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Article
Publication date: 13 July 2012

David Pierce, Jeffrey Petersen, Galen Clavio and Bradley Meadows

The purpose of this study is to examine the current state of job announcements relating to sport ticket sales and service positions in the USA.

Abstract

Purpose

The purpose of this study is to examine the current state of job announcements relating to sport ticket sales and service positions in the USA.

Design/methodology/approach

Content analysis methodology was utilized to examine 733 sport sales job announcements from two subscription‐based sport job websites posted over a six month time period.

Findings

Sport sales jobs were geographically clustered with over half of the positions within only eight states, led by California (12.7 percent), New York (9.3 percent), Texas (7.2 percent), and Florida (7.2 percent). The majority of organizations posting jobs were specific teams or integrated sport/entertainment companies owning specific teams (76 percent), followed by media firms (11 percent), outsourced sales firms (6 percent), and sporting goods companies (6 percent). Of the 12 major job types, inside sales positions were the most common (32.3 percent) followed by sponsorship sales (13 percent) and media advertising (12 percent). Logistic regression revealed that directors and non‐entry level hires were more likely to supervise other salespeople and utilize consultative sales techniques, while a strong work ethic and cold calling was sought from entry‐level personnel.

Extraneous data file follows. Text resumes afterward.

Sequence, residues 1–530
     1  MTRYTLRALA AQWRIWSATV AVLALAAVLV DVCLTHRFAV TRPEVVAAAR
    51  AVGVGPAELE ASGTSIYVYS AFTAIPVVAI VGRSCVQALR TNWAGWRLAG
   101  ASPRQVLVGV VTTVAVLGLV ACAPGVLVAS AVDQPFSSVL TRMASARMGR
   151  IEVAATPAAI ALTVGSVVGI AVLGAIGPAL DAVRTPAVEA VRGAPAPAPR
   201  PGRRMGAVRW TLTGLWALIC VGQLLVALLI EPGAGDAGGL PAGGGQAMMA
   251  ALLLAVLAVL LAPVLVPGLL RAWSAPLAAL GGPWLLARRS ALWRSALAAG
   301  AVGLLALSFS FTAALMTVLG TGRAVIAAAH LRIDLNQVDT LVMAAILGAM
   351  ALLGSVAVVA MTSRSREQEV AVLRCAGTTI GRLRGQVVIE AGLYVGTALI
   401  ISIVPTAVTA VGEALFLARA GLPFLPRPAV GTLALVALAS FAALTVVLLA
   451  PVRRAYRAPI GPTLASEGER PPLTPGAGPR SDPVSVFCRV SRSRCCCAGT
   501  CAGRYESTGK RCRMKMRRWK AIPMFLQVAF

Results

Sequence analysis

Practical implications

Sport sales hiring managers and sport management academicians can utilize survey results in preparing education and training programs for entry‐level sport salespeople, including the use of experiential learning and sport sales combined.

Originality/value

As the first study to empirically examine the nature of sport sales positions, it provides academicians and future sport management and sales employees with the elements of sport‐related sales most prized within the sport industry.

Details

Sport, Business and Management: An International Journal, vol. 2 no. 2
Type: Research Article
ISSN: 2042-678X

Keywords

Content available
Article
Publication date: 12 July 2021

Alexandria Bradley and Bill Davies

This paper aims to highlight the impact that Covid-19 has had on the quality of education in prisons. This study considers the restrictive approaches taken by Her…

Abstract

Purpose